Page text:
- Declare your items: Declare your firearms and ammunition to the agent at the check-in counter.
- Fill out a Weapons Declaration Card: To fill out a Weapons Declaration Card, you will need your flight and contact information, and an acknowledgement that you will follow the rules. Place the copy that you will be given inside your case or container that you plan to store your firearms and ammunition in.
- Pay any fees: If you need to pay any fees, you will be required to do so at the airport check-in counter.
- Go to the Oversized Baggage Drop Area: Head over to this area, where a TSA agent will scan and possibly inspect your case.
Fines & Penalties For Not Complying With the Rules
According to the TSA, if you attempt to bring your weapon to the airport checkpoint, you are subject to a federal civil penalty, which can be substantial:
- Loaded firearms (or unloaded firearms with accessible ammunition): $3,000 – $10,700 + criminal referral / $10,700 – $14,950 + criminal referral (repeat violation)
- Unloaded firearms: $1,500 – $5,370 + criminal referral
- BB, pellet, and compressed-air guns: $390 – $2,250
Keep in mind that each state has different laws concerning firearms and ammunition, so you will definitely want to plan head to make sure that you won’t be violating any local firearm laws.
You can do this by visiting the following resources:
Bringing a Gun on International Flights
While it’s by no means impossible to fly internationally with firearms and ammunition, the process is more complex.
According to 22 C.F.R. § 123.17:
U.S. persons are allowed to export temporarily from the United States without a license (a valid and appropriate DDTC or BIS export license) no more than three (3) non-automatic/semi-automatic firearms in Category I(a) of the United States Munitions List (rifles and pistols up to .50 caliber) and not more than 1,000 cartridges.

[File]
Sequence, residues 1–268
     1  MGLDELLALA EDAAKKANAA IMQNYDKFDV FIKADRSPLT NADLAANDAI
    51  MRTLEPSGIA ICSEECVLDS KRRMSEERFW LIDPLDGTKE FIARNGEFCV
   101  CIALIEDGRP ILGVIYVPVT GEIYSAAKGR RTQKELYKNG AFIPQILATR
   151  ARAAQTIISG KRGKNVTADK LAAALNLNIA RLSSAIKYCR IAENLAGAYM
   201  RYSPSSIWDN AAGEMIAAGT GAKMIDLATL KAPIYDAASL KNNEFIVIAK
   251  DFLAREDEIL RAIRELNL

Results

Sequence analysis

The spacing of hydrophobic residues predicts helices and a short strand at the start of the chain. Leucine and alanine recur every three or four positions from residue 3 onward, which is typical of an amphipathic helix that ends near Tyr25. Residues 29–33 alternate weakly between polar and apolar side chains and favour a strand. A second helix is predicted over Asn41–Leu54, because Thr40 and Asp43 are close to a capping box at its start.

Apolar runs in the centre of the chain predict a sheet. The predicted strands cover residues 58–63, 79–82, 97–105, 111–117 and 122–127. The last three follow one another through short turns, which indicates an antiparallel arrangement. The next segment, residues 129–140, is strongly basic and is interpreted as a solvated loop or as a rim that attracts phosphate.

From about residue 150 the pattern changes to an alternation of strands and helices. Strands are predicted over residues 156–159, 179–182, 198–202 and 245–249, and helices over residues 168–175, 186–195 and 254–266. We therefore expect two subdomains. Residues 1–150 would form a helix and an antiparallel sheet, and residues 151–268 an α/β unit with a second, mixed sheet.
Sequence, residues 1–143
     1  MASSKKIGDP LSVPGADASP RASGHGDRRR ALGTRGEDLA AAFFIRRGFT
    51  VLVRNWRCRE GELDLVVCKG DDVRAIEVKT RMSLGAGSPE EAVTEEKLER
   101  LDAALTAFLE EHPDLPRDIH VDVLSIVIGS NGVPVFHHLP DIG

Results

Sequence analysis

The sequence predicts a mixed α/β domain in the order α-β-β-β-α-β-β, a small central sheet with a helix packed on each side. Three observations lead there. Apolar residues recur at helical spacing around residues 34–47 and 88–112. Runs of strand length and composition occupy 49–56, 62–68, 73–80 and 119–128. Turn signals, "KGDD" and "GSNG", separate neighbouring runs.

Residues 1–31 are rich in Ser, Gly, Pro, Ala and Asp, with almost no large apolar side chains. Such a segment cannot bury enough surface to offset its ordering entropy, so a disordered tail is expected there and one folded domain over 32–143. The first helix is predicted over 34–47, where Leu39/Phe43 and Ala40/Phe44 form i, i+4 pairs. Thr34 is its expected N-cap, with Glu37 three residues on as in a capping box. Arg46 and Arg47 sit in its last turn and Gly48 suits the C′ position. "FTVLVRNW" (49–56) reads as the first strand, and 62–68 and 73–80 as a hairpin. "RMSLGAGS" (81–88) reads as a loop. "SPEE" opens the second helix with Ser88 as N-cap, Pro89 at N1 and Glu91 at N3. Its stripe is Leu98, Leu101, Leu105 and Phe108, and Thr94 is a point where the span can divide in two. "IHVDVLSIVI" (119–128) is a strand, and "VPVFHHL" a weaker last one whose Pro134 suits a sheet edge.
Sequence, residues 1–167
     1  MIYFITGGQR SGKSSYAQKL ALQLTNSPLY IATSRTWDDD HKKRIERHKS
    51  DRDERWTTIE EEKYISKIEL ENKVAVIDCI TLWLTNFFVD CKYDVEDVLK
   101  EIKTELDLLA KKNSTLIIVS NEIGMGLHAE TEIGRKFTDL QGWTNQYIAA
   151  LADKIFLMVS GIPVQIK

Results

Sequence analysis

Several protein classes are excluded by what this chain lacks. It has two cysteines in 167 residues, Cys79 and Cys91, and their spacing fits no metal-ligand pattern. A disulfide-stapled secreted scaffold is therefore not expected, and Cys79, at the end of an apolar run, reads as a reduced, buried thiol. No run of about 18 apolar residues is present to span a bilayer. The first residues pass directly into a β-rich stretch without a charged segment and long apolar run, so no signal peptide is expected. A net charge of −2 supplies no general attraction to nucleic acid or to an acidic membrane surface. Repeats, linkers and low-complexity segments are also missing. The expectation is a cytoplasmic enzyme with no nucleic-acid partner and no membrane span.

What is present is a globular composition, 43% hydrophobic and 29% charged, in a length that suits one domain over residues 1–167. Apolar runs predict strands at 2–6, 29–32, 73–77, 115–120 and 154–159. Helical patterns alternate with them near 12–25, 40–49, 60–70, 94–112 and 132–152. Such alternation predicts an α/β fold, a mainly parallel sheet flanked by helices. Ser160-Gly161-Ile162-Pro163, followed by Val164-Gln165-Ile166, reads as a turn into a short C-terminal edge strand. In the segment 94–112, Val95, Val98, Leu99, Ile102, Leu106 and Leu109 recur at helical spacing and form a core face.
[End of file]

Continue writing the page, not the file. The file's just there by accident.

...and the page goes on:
You must also declare all firearms and ammunition you are traveling with to CBP.
You’ll also need to fill out US Customs Form 4457 and have it signed by a US customs official. This can help you avoid having to pay duty, as it will verify that you had your firearms before leaving the country.
Finally, you will need to obtain an ITN (International Travel Number). To get this, you will need to fill out the EEI (Electronic Export Information) in the AES (Automated Export System) per 22 C.F.R. § 123.22.
Besides this, the best way to find out if it is possible to fly with a gun internationally is to go through official avenues.
This means contacting the US diplomatic office in the country you plan to visit.
Ella Dunham, a Freelance Travel Journalist and Marketing Manager, boasts an impressive career spanning eight years in the travel and tourism sectors.
Honored as one of "30 Under 30" by TTG Media (the world’s very first weekly travel trade newspaper), a "Tour Operator Travel Guru" and "Legend Award" winner, Ella is also a Fellow of the Institute of Travel, a Member of the Association of Women Travel Executives, has completed over 250 travel modules, and hosts travel-focused segments on national radio shows where she provides insights on travel regulations and destinations.
Ella has visited over 40 countries (with 10 more planned this year).